On Monday 15th May, the controversial case of OGOD versus Laerskool Randhart & others will come before the Johannesburg High Court. The case, which has been described as a “watershed” case and may well end up in the Constitutional Court, concerns the right of public schools to align themselves with a particular religious (in this case, Christian) ethos or values, and to practise religious (in this case, Christian) observances.

Although the case is specifically against the six public schools cited in the application (Laerskool Randhart, Laerskool Baanbreker, Laerskool Garsfontein, Hoërskool Linden, Hoërskool Oudtshoorn and Langenhoven Gimnasium), the outcome will have a direct impact on all 24,000+ public schools in South Africa.  Should OGOD (Organisasie vir Godsdienste-Onderrig en Demokrasie) be successful in Court, it can mean the end of (even voluntary participation in) Scripture reading and prayer, praise and worship, SCA and other Christian activities in public schools.

The case is important because it asks, what is the place of religion in public schools? That there is a place for religious observances in public schools, is clear. Section 15(2) of our Constitution specifically allows for religious observances in State or State-aided institutions including public schools, subject to certain conditions”, says Michael Swain, Executive Director of Freedom of Religion South Africa (FOR SA).

Commenting further, Swain says that “the guarantee in our Constitution is freedom of religion. OGOD, an atheist organisation, is advocating in this case for freedom from religion. The question that the Court will have to decide, is how to apply this right in the rainbow nation of South Africa where every person and learner (Christian, Muslim, Jew, atheist, etc) has the right to have his/her religious beliefs (or non-beliefs) respected, protected, promoted and fulfilled?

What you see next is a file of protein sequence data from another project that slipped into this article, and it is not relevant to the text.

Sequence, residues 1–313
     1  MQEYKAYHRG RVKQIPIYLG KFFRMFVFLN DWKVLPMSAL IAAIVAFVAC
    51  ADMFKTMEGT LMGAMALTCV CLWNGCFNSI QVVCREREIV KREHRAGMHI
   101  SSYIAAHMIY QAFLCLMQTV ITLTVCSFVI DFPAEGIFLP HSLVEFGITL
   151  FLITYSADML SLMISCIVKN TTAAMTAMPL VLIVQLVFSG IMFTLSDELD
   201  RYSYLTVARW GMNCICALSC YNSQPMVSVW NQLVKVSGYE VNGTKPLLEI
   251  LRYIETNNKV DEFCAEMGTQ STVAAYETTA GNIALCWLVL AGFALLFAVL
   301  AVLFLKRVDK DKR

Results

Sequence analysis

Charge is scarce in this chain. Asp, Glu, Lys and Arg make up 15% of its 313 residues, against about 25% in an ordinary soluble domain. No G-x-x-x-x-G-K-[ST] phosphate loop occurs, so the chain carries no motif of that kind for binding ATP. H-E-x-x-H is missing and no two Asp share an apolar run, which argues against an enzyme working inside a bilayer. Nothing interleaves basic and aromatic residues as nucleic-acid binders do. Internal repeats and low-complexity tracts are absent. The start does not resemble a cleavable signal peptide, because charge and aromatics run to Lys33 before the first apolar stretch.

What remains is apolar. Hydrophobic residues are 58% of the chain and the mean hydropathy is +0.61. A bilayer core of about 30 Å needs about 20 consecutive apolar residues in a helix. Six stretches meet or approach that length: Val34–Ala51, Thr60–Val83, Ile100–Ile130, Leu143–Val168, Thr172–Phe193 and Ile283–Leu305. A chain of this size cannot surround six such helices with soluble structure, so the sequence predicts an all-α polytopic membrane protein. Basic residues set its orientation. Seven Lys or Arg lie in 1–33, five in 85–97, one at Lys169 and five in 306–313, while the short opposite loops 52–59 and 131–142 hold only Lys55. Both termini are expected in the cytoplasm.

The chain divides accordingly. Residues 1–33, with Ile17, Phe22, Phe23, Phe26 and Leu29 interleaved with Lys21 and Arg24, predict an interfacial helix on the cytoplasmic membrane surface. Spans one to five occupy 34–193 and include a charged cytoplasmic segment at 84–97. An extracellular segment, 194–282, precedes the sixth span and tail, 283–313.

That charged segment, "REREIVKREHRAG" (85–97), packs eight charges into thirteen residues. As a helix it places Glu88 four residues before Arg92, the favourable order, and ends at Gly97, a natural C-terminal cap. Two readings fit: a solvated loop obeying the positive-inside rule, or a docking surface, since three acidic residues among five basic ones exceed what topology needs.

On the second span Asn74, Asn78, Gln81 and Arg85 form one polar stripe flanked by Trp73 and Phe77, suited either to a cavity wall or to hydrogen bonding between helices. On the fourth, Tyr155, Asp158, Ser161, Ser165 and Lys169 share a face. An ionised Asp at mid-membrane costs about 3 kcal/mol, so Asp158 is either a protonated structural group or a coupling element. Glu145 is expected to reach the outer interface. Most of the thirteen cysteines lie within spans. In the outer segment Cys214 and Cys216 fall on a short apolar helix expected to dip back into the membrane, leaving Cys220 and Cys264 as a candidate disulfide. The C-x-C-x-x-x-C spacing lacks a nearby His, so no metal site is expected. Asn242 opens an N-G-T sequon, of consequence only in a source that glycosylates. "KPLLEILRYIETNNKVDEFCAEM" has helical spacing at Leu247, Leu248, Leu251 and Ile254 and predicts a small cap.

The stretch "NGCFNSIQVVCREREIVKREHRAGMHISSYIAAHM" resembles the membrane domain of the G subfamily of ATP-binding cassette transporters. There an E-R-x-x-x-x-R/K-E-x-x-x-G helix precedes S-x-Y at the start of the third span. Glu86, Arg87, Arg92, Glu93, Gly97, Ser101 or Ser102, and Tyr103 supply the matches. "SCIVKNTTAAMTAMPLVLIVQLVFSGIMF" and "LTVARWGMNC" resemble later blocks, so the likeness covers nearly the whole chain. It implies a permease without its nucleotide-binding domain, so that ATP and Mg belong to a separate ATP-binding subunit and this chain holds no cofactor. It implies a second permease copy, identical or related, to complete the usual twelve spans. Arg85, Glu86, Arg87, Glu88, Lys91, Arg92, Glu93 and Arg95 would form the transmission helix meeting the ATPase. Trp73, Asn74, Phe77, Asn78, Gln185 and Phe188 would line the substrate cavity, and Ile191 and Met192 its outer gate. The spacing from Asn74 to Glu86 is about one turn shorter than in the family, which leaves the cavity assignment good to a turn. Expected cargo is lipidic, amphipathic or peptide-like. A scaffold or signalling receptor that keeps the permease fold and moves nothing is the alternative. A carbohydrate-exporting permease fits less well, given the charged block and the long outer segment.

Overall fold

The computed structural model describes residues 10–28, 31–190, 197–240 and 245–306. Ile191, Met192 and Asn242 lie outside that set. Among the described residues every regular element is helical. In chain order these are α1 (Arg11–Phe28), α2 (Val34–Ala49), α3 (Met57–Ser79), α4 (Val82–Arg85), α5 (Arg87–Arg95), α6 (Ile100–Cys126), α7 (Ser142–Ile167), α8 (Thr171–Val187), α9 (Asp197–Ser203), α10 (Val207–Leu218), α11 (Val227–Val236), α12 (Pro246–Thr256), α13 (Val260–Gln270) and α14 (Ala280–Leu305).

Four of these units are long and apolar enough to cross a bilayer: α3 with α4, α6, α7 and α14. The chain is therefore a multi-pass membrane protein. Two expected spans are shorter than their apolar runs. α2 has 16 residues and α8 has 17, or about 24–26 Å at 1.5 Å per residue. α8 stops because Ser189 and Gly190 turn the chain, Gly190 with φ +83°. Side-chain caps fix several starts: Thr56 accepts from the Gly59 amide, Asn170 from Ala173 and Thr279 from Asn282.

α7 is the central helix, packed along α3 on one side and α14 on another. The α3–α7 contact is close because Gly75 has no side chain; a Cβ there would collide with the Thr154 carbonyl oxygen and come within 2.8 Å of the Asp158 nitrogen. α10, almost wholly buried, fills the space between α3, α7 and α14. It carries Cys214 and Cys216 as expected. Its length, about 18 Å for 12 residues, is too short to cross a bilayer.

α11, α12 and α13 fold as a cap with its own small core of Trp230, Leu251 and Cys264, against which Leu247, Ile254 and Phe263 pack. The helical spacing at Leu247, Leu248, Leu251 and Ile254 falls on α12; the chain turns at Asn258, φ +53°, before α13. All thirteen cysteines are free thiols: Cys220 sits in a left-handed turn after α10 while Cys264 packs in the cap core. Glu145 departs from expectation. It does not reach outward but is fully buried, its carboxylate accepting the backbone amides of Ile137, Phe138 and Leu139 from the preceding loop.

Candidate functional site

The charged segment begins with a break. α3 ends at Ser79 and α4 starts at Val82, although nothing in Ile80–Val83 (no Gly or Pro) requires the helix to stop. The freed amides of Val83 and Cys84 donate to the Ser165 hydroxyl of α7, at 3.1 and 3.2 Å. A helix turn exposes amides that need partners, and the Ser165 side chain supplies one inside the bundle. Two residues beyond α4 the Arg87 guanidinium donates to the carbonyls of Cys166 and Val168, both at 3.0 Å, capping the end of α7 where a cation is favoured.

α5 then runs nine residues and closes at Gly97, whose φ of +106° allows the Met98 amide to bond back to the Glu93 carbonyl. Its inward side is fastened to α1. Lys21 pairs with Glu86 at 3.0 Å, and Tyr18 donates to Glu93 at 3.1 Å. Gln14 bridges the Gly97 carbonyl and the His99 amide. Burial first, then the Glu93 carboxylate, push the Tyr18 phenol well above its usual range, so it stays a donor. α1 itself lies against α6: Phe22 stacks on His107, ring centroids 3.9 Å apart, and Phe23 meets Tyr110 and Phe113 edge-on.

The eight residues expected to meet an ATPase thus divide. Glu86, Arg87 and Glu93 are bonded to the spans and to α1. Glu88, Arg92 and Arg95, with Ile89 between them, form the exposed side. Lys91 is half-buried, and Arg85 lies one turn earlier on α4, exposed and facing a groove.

OGOD’s application is opposed by the six schools, represented by the Federation of Governing Bodies of South African Schools (FEDSAS). Other parties include the Ministers of Basic Education, and Justice and Correctional Service. Various organisations have been admitted as “Friends of the Court”, including the SA Council for Religious Rights and Freedoms (SACRRF) who represent approximately 22 million+ believers from diverse faith groups in South Africa, the Council for the Advancement of the SA Constitution (CASAC), and Cause for Justice.

The case took an interesting turn towards the end of last month, when the SA Onderwysunie (SAOU) announced its withdrawal as “Friend of the Court”. The withdrawal followed an outcry by SAOU’s members, the public and various organisations, who were upset that the union, in its last papers filed with the court, had made a complete turnaround from the position initially held (i.e. supporting the schools’ right to a religious ethos).

 Consequent to SAOU’s withdrawal, both Solidarity and Afriforum have now applied to be admitted as “Friends of the Court” – as has the National Association of School Governing Bodies (NASGB).

 The case has been set down for hearing before a full bench (three Judges) until Wednesday 17th May.

ENDS

Issued by:
Freedom of Religion South Africa (FOR SA)
www.forsa.org.za

For further information, please contact:
Michael Swain
Executive Director, FOR SA
Tel:  michael.swain@forsa.org.za
Cell:  072 270 1217

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